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Vital Signs


 

Bravo Tango

They’re sensuality incarnate, with eyes like molten lava. Welcome to Luis Bravo’s Forever Tango, which brings Argentine history and tradition to Dance Celebration’s “Superstars of Dance, Today and Tomorrow,” Nov. 16–20. The show enjoyed an astounding 92-week run on Broadway, and now its 14 passionate dancers, plus singers and an 11-piece traditional orchestra featuring a bandoneon, burn up the floor at Philadelphia’s Annenberg Center for the Performing Arts. See www.danceaffiliates.org.

 

 

Trash, Begone!

Big Dance Theater has got a big, green plan. During its month-long rehearsal residency at Baryshnikov Arts Center this summer, the company upheld a zero tolerance trash policy, ending each day with empty garbage cans. Curious how they did it? By replacing all “single-use items”—disposable water bottles, plastic food containers, paper towels—with mugs, Tupperware, and cloth napkins. Catch the company performing Comme Toujours Here I Stand at MCA Chicago Nov. 4­–7. See www.bigdancetheater.org.

 

 

Spuck Goes Canuck

Les Grands Ballets Canadiens de Montréal performs the North American premiere of Leonce and Lena, Christian Spuck’s comic ballet based on Georg Büchner’s 1838 political satire of the same name. Spuck, who is a resident choreographer at Stuttgart Ballet and who will become director of Zurich Ballet in 2012, uses Strauss waltzes to tell his tale that pokes fun of European royalty. Oct. 21–30 and Nov. 4–6. See www.grandsballets.com.

 

 

Wherefore Art Thou

Shakespeare’s star-crossed lovers will meet their tragic fate at the Kennedy Center this month in Septime Webre’s production of Romeo + Juliet for The Washington Ballet. Created for TWB in 2005 (streamlined from previous versions for American Repertory Ballet and TWB), Webre has refocused the action on the central couple and uses the famous Prokofiev score to dramatic effect. See www.washingtonballet.org.

 

 

Zenon: Warrior Women

Repertory troupes are a rare breed in the modern dance world, where most companies focus on the work of a single choreographer. But Zenon Dance Company, in Minneapolis, is committed to inviting outside choreographers in. The company’s fall season salutes “Women Choreographers of the Americas.” NYC-based Colleen Thomas, who layers fearlessness with fragile convolutions, sets a new piece, as does Uruguay-born Luciana Achugar, known for her brooding, ritualistic, eerie dances. Also on the program: Picnic, Lightning from Batsheva disciple Andrea Miller and Like an Octopus, a tango-inspired duet by Argentinian Susana Tambutti. Nov. 18–20 and 26–28 at the Southern Theater. See www.southerntheater.org.

 

 

Corella Ballet, CA Bound

The unstoppable energy of Ángel Corella barrels into Southern California this month as his Corella Ballet Castilla y León makes its West Coast debut. Highlights include Christopher Wheeldon’s DGV: Danse à Grand Vitesse, with Wheeldon’s trademark swirling lifts and a looming backdrop of metallic sculpture that alludes to the cool speed of France’s fastest trains, and Soleá, the joyful Maria Pagés duet for Ángel and sister Carmen. At the Ahmanson Theatre in L.A. Nov. 5–7, and The Granada in Santa Barbara Nov. 8. See corellaballet.org.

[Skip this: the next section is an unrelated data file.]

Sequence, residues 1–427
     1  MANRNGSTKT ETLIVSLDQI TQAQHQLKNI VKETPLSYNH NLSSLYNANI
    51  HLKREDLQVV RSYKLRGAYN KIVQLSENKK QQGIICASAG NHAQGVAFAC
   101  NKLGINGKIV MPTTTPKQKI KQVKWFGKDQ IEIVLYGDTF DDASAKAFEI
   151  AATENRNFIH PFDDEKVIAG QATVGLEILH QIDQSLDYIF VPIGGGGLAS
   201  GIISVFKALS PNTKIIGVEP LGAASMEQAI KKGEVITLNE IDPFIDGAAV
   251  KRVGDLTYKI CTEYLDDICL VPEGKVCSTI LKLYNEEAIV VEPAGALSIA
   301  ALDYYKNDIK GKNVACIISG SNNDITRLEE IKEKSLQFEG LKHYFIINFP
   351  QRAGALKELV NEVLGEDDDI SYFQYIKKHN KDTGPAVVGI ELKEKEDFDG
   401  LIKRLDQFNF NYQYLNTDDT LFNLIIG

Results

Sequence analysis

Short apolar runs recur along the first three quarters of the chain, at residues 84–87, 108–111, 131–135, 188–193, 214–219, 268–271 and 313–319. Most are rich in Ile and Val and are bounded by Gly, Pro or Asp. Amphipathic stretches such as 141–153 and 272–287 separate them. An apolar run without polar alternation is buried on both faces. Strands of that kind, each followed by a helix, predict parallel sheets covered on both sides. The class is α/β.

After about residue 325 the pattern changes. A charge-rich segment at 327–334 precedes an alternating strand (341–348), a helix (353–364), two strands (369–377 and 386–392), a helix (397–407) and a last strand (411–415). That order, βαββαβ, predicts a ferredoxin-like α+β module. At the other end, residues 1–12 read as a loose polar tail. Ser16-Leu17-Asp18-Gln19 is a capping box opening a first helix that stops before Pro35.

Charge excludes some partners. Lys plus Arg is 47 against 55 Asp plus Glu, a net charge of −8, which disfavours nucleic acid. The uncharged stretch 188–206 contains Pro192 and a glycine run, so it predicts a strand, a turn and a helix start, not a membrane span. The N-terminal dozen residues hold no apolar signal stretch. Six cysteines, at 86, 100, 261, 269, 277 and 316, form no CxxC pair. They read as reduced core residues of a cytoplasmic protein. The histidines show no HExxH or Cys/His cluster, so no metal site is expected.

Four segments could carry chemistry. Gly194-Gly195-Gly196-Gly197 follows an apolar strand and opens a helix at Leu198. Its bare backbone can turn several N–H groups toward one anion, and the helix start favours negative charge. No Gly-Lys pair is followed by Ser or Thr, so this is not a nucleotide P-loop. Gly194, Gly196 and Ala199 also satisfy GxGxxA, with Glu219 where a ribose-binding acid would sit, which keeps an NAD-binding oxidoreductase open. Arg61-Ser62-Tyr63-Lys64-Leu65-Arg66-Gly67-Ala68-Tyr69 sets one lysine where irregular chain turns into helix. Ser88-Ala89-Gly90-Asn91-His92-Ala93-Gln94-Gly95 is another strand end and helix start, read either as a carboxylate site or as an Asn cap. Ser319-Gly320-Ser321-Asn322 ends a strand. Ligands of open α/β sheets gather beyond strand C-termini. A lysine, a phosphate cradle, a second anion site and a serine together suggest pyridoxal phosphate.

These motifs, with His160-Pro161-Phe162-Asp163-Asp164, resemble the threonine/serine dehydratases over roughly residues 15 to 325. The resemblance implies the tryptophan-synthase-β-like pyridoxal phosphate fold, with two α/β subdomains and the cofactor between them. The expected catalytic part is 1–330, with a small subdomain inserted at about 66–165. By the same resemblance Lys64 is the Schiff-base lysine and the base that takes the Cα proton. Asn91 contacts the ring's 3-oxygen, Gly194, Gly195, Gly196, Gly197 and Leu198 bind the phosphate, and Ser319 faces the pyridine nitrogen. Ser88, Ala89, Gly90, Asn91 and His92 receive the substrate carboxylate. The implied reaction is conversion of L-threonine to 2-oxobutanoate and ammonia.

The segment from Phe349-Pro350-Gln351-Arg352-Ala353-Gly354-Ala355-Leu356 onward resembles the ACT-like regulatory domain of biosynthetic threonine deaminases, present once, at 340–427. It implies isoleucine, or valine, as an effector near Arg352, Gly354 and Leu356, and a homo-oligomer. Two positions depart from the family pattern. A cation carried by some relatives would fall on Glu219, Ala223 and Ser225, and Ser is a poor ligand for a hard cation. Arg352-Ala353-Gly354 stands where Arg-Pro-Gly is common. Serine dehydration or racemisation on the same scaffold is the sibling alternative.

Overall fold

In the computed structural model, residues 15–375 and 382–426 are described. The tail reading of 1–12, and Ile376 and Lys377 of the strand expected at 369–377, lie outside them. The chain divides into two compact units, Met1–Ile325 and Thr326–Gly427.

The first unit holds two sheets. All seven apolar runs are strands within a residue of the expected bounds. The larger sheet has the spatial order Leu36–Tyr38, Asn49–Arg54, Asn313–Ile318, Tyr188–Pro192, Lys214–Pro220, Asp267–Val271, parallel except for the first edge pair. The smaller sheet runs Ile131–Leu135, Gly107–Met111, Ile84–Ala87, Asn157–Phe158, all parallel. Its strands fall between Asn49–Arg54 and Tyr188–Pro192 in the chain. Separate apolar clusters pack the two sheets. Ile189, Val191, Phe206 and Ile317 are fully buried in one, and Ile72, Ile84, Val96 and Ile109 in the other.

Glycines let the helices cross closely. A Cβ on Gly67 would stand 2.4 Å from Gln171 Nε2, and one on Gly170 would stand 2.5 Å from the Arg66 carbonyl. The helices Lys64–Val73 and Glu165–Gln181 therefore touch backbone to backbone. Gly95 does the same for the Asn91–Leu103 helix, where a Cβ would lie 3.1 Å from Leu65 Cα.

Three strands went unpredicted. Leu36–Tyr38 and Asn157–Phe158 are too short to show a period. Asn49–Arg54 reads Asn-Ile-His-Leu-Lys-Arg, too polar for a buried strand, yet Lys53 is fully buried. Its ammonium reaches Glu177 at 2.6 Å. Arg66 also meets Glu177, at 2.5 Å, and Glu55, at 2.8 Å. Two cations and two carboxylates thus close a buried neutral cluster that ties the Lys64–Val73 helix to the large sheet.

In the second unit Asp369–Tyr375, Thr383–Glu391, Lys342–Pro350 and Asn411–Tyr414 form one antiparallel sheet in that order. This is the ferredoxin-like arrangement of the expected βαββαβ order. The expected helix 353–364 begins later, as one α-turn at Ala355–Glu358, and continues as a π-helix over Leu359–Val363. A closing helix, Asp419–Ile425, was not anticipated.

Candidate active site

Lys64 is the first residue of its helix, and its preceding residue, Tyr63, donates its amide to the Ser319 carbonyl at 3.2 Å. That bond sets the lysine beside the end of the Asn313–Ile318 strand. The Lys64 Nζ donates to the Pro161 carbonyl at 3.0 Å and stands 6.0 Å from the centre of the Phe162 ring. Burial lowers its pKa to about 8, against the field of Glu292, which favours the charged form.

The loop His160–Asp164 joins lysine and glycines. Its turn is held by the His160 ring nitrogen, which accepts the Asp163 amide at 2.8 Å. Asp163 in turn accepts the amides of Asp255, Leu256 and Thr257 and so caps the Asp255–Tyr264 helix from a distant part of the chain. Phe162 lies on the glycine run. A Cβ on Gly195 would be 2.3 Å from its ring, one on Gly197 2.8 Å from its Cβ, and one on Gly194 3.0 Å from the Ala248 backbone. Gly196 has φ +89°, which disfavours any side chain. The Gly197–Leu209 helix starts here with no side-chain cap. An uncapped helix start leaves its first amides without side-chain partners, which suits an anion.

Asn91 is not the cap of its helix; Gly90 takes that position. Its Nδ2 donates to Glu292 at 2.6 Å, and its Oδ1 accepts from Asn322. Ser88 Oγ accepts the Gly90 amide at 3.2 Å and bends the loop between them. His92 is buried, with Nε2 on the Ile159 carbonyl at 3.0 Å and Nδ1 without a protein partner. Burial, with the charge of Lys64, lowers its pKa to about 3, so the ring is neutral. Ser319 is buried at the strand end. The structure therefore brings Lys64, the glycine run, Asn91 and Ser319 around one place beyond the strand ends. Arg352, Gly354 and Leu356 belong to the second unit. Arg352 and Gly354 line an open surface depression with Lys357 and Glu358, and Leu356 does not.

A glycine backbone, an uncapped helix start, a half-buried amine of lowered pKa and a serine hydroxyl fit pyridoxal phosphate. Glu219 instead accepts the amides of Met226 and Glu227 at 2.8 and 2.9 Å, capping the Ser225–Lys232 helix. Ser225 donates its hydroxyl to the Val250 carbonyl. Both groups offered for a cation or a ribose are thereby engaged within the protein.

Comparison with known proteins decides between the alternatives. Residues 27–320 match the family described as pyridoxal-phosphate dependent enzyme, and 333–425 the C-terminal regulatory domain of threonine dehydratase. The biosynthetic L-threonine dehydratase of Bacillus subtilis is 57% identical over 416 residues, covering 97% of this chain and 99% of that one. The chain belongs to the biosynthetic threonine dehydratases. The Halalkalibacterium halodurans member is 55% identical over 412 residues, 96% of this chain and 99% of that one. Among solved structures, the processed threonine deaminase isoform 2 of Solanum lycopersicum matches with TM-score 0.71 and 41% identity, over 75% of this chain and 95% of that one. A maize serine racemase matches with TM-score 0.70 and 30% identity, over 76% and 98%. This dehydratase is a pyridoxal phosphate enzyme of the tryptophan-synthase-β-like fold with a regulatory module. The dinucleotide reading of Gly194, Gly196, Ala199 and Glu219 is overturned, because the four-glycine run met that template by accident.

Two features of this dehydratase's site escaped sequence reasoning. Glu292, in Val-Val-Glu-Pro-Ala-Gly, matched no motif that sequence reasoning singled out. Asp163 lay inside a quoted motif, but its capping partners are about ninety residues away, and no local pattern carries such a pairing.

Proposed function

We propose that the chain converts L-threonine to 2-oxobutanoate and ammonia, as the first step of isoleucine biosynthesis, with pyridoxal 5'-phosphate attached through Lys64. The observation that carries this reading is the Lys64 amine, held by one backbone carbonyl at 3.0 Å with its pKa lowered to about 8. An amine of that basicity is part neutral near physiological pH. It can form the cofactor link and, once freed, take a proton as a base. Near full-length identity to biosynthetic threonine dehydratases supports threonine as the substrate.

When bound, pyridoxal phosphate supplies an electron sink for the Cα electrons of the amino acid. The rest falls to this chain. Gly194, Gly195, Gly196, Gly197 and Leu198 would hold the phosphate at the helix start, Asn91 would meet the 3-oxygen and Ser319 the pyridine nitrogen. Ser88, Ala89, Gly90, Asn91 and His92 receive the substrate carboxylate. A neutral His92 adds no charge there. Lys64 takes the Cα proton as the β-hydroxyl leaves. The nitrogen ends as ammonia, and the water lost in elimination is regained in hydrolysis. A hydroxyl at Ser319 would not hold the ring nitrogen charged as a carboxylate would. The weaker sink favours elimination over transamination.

Pointe Park Record

Last August, American Ballet Theatre’s Michele Wiles led 229 other dancers in setting a new Guinness World Record of “Most Ballerinas on Pointe at One Time.” Organized by photographer Gene Schiavone and former ABT trustee Ellen Schiavone, the event brought professional, pre-professional, female, and male dancers together in Central Park for a good cause: Over $2000 was raised for the dance programs at the Boys and Girls Club.

 

 

Tour de Force

After last month’s home season of works by Nacho Duato, Ohad Naharin, and Victor Quijada, Hubbard Street Dance Chicago hits the road, bringing their high energy to Cleveland (Nov. 6), Washington, DC (Nov. 12–13), and Dallas (Nov. 19). The lineup includes old favorites like Jiri Kylián's 27'52'' and Aszure Barton's Untouched, and a new work by resident choreographer Alejandro Cerrudo. See hubbardstreetdance.com.

 

 

Staying Alive

On July 29, the dance community came together to save Ballet Nouveau Colorado (a 2009 “25 to Watch”). To help bridge the $300,000 shortfall the company was facing last April, dancers from Oregon Ballet Theatre, The Washington Ballet, Kansas City Ballet, Ballet Memphis, Cleo Parker Robinson Dance, and Colorado Ballet donated their time and talent. The company is going full speed ahead into 2011, and plans to perform Chasing the Sublime, a co-production with the Lakewood Cultural Center, this month. For Sublime, three choreographers are paired with three Denver-area visual artists. At the Lakewood Cultural Center (Nov. 5–7) and at the Performing Arts Compex in Denver (Nov. 12–14). See www.bncdance.com.

 

 

Contibutors: Siobhan Burke, Debbie Schneider, Kina Poon

 

Pictured: Valentina Azul in Forever Tango. Photo by Luis Bravo, Courtesy Dance Affiliates.

«Curtain Up
Dance Matters: The Art of Taking It Slow»
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